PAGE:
Bread and pizza continue to enjoy strong demand, as consumers look to traditional favorites and authenticity in their diets.
For bakeries, there is clear evidence that the bakery equipment sector continues to rise to the occasion with new innovations that make it more efficient to produce flavorful breads and pizzas.
John McIsaac, vice president of strategic business development for Reiser, Canton, Mass., points out that innovation continues to drive growth in the bakery sector and rapidly growing categories such as pizza.
“Our Vemag 500 with our new Reiser V2 high-speed servo cutter for pizza dough -- this servo driven portioning system allows our smaller customers to increase their production rates with our Vemag 500 series,” he explains. “The servo drive eliminates pneumatics and improves on our benchmark scaling accuracy. Plug it in and produce.”
The labor savings are profound, according to Reiser. The Reiser V2 is usually sold with a barrel rounder. Dividing and rounding at a 100 pieces per minute can be done with no hands.
The Reiser V2 makes 100 cuts per minute, at weights from 4 to 27 ounces. It features high speed, no pneumatics, is quiet and dependable, and easy to run and clean.
“Our surveys show that 94% of Americans enjoy pizza and consume it regularly. Translation: Pizza is a communal food with near universal appeal in the United States,” points out Jeremy White, content director and editor-in-chief for Pizza Expo. “Because it is easy to find no matter where you’re located, inexpensive as compared to other foods and holds up well after being transported, pizza was uniquely positioned to thrive during the pandemic.”
Equipment innovations are enhancing the product quality and production efficiencies across the board.
Since 1946, Somerset Industries has been designing and manufacturing professional grade bakery equipment for the foodservice industry.
The CDR-2500 is Somerset Industries’ most advanced, all-in-front, compact dough roller, and although it is ideal for rolling pizza crust dough, Somerset designed it to perform well using a wide range of different types of dough.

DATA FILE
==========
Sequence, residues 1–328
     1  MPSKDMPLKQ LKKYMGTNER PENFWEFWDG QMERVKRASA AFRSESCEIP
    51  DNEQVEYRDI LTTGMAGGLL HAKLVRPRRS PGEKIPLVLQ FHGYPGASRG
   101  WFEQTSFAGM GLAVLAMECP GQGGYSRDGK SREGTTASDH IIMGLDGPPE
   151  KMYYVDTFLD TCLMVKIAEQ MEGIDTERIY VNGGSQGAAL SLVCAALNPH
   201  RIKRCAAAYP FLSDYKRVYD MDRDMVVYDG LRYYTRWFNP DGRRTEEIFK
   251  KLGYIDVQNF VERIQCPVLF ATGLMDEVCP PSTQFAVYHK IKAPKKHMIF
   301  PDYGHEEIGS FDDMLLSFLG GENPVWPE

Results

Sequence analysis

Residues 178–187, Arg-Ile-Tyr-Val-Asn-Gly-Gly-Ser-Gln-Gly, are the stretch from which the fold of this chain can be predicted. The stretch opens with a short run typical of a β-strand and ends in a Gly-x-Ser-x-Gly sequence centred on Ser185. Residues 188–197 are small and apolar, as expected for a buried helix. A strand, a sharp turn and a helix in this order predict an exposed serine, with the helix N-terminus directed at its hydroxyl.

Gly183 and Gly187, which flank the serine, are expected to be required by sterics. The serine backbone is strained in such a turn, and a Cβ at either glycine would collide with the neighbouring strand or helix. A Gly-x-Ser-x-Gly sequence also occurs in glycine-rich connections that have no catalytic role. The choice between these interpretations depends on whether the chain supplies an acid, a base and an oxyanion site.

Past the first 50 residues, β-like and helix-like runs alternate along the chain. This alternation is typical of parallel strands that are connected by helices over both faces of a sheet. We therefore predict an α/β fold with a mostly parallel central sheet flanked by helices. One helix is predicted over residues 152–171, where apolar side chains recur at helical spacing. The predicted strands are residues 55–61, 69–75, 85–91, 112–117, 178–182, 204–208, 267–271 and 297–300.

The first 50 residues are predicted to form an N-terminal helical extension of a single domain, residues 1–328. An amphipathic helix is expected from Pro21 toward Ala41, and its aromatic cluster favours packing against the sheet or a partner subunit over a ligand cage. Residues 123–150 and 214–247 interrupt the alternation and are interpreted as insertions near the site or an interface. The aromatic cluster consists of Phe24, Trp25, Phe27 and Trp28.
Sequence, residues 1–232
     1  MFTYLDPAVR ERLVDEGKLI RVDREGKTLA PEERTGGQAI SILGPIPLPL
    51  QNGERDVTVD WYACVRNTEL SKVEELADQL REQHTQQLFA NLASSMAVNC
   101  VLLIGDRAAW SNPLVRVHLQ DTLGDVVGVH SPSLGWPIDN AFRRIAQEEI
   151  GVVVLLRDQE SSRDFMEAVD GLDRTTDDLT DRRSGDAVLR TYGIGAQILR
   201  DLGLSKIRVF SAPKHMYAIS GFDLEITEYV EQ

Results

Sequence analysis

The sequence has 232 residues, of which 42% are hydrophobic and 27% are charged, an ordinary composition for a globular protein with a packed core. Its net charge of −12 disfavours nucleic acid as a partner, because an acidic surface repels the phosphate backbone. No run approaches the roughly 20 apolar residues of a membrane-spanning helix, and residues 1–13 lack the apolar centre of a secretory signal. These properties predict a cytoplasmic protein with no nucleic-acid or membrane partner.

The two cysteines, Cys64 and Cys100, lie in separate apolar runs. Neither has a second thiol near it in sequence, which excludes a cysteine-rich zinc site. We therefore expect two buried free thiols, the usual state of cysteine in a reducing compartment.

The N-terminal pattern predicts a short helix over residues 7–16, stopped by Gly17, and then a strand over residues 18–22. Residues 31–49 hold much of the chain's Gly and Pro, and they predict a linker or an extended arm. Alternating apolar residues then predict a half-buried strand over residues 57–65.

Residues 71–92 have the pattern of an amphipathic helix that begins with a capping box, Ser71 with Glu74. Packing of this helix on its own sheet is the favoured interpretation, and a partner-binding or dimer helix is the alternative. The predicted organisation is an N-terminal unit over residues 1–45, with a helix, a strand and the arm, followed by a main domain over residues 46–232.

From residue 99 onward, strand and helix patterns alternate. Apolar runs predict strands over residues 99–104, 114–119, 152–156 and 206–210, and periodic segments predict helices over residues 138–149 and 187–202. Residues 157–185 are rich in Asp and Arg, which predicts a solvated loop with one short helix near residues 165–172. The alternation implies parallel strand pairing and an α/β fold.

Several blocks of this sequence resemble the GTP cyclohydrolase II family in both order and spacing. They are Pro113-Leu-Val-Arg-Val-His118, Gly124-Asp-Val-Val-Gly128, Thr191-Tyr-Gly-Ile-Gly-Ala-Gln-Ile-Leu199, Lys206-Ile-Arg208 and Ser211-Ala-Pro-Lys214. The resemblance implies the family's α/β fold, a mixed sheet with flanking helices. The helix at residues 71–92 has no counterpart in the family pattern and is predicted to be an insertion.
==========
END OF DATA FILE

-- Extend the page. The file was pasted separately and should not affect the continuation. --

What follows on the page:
This equipment is the largest double-pass roller in the pizza world, according to Somerset, making dough up to 25 inches (64cm) in diameter within seconds. It is ideal for pizza, as well as flour tortillas, sheeting, cinnamon rolls, pita bread, pie crusts, cookies, calzones, and sweet doughs.
This machines sheets 500-600 pieces per hour and features heavy gauge stainless steel construction for years of dependable performance. Synthetic, non-stick rollers are standard.
Spring-loaded scrapers can be quickly and easily removed for cleaning. The compact design means it will fit anywhere, and the large hopper accommodates large pieces of dough. There are safety sensors for automatic shutoff.
In other equipment features, the Somerset CDR-500 is an ideal dough sheeter for pizzerias, donut shops, bakeries, schools, hospitals, or any foodservice operation that needs high-volume, dependable performance. The CDR-500 sheets virtually every type of dough, regardless of consistency, to a uniform thickness in seconds.
Features of the Somerset CDR-500 include heavy-duty stainless steel construction, with simple handle adjustments for exact, uniform dough thickness.
This machine is perfect for cinnamon rolls, pizza, pie crusts, Danishes, yeast-raised donuts, dough lamination, pasta production, and fondant.
Artisan breads and rolls
According to WP Bakery Group, without proper training, operators cannot effectively support the equipment with proper sanitation and maintenance as well as operation. High-speed lines leave little room for error, and that includes human error. While operators may not be making adjustments manually, they will be supervising production flow and need to know how to spot problems.
“This operator must be well-trained and know exactly how to rectify issues should they occur,” Patricia Kennedy, president, WP Bakery Group, told Baking & Snack, a sister publication to Bake. “This is quite challenging for the operator as any issues that occur need to be dealt with very quickly.”
An online demonstration by WP Bakery Group provided an in-depth understanding of soft, Mediterranean doughs, which stand for breads and rolls with a natural aroma, an open crumb structure and good freshness.
Crunchy crust is something a traditional baguette should have, along with a coarse crumb. An open crumb structure is the most important attribute of all Mediterranean bread rolls and breads.
The typical flavor of all artisan rolls and breads develops through the long dough fermentation and a big part of sponge dough.
“Our machines and production lines for artisan and semi-industrial production of dough pieces are designed to deliver highest ﬂexibility to cater for the demands of producing a wide range of products,” WP Bakery Group reports. “Our proprietary PANE line manages a full product range with fabulous variety. Even the softest doughs are gently processed into dough strips before being divided and further processed. Our top priority is a gentle processing of the dough to maintain the open crumb structure.”